Shared Services Take Center Stage in Federal Policy and Channel Sales9:23 AM EST Mon. Oct. 01, 2012
Skip Liesegang is vice president of the government channels division of immixGroup, which helps technology companies sell to the federal government. He can be reached at Skip_Liesegang@immixgroup.com. Here, Liesegang discusses how the upcoming presidential elections could impact your government business. ImmixGroup was #67 on CRN's 2012 Fast Growth list.—Jennifer Bosavage, editor
As the nation looks to the next presidential election, the government’s current fiscal year is drawing to a close. Uncertainty over the federal budget is higher than normal. Congress may reach a compromise on the budget during the “lame-duck” session between the election and the next congressional session.
It’s not all doom and gloom for companies selling into the federal government — government IT opportunities are still plentiful. In order to succeed in this environment, vendors need to understand where the opportunities lie, the policies that effect procurement decisions, and how to evolve sales strategy to support the new procurement models.
To find those government IT opportunities, companies have to take a close look at each agency’s 2013 and 2012 budget documents to see where the agency wants to go in the future. Keep in mind that until at least March, agencies will be constrained to spend in accordance with 2012 appropriations. The best sales opportunities are in programs that may be already in development; those have the best chances of continuing. It’s also important to find those programs that may already have passed muster with TechStat reviews, which would do away with programs that are exceptionally late or over-budget.
It’s undeniable that the past 18 months have created huge changes in federal IT acquisition and procurement policy. Many of the IT policy changes were proposed by former federal CIO Vivek Kundra and more keenly focused on by his successor, Steven VanRoekel. The policies look to cut operating and maintenance costs, improve the speed of application development, and move to shared services as a procurement model.
Those changes are almost certainly inevitable, even in the event of a change of hands in the Office of the President. Draft legislation is circulating on the Hill that would hardcode them into law. Reviewing the new Digital Strategy, and the Federal Data Center Consolidation and Cloud-first strategies will give companies selling to government the best idea of how to position technology for the most receptive ear during the IT acquisition planning process.
On the procurement front, changes have been more scattershot. Between Congress and the Office of Federal Procurement Policy, contractors will see looser rein over pre-solicitation communications, tighter control over supply chain management and prevention of counterfeit goods, greater emphasis on small/disadvantaged business contracting, and more demand for commodity IT purchases and strategic sourcing agreements.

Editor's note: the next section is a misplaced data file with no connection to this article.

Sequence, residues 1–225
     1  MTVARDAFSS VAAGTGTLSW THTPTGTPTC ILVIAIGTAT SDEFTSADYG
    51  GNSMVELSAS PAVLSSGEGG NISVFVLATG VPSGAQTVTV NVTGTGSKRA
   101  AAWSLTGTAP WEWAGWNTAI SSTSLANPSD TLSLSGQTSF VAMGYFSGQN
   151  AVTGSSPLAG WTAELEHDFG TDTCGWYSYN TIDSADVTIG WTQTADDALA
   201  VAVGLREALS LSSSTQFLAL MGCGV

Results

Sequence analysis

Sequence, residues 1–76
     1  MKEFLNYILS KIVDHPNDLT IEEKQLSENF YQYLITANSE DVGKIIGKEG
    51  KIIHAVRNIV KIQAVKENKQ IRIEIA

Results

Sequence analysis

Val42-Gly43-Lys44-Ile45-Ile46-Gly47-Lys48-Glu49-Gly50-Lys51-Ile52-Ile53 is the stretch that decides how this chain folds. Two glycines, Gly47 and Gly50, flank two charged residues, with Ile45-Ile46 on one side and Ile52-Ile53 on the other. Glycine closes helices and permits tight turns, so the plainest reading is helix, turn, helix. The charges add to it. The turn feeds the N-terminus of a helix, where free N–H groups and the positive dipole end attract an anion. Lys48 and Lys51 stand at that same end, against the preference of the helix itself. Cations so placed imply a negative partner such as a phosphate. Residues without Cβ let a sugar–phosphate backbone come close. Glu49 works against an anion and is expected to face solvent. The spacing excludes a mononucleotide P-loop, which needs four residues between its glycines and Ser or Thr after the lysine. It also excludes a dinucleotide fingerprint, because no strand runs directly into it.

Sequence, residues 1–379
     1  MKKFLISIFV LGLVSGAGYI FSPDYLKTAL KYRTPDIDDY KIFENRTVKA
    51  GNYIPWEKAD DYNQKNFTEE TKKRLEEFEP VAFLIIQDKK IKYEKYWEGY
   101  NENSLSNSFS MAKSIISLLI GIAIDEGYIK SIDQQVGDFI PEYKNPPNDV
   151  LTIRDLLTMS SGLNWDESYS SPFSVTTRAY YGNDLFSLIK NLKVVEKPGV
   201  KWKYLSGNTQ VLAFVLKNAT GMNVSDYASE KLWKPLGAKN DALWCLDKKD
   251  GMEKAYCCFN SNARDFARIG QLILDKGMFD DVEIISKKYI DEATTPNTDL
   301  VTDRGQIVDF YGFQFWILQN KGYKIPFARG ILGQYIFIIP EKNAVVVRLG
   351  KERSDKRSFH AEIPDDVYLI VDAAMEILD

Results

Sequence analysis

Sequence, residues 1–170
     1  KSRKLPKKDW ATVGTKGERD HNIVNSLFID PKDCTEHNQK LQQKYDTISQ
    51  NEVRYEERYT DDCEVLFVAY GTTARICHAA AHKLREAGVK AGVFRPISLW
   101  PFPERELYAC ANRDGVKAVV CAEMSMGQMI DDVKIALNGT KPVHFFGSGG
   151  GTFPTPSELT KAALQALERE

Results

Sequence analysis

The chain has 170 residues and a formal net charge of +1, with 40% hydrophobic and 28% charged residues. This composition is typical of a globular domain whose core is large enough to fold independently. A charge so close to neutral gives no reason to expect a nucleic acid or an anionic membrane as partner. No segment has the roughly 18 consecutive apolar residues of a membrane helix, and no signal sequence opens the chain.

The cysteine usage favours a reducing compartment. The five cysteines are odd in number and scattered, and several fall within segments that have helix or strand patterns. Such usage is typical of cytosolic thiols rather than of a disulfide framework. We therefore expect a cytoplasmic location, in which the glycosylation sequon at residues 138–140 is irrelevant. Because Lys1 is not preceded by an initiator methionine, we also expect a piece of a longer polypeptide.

Value-added resellers, solution providers, service providers, and federal contractors all have to ask themselves the fundamental but critical question, “How do I transform my business model in light of these changes?”
While recognizing that government IT opportunities are evolving toward technology “as a service,” some companies are struggling because this is a very different business model. It’s a challenge to build an organization that grows customers based on recurring revenue when the customer has only annual spending authority. Many manufacturers have not yet transformed and positioned their product set to address this challenge by offering the government acceptable options.
Such changing dynamics have caused some companies to adopt a “wait-and-see” approach. Professional services firms know they will need to scale back, but how fast? Product-centric companies know they will have fewer, but more centralized, customers. Some are leading by helping agencies set future-leaning architectures, providing the infrastructure -- servers, networking, storage management, and application middleware -- that enables virtualization and increases bandwidth, which in turn will drive the new cloud-based IT policy goals.
For the rest, it’s important to take a fresh look at partnerships. Cloud-based services will require the transformation of the classic reseller model. Beyond just bringing together various product sets, companies have to take a closer look at the delivery mechanisms by which these solutions are being sold to the government. Take software: Government IT opportunities are moving from perpetual licenses to subscription or usage-based arrangements. Manufacturers and publishers do well to work with the channel to create new options and make them easy to buy, with clear terms, under existing contract vehicles.
Remember, the government is being very careful about spending for capital expenditures. Buyers are looking at up to 10 percent reductions in their budgets. Companies selling to the government will have to create more granular pricing structures with more flexible options to accommodate ever-increasing requirements in a time of decreasing spending authority.
VARs and solutions providers have to show how they can help government agencies meet the big mandates of virtualization, consolidation, cloud services, security, mobility, etc. – all in a cost-efficient manner. What’s more, they have to finely tune the message to show how they can meet those mandates in light of looming sequestration.
Finally, it’s important to note that contractors are still required to work with a variety of small businesses to meet not only socioeconomic goals, but to bring niche solutions to government in a competitive manner. There is an opportunity for VARs to step into that role, to a degree that might otherwise traditionally have gone to bigger contractors.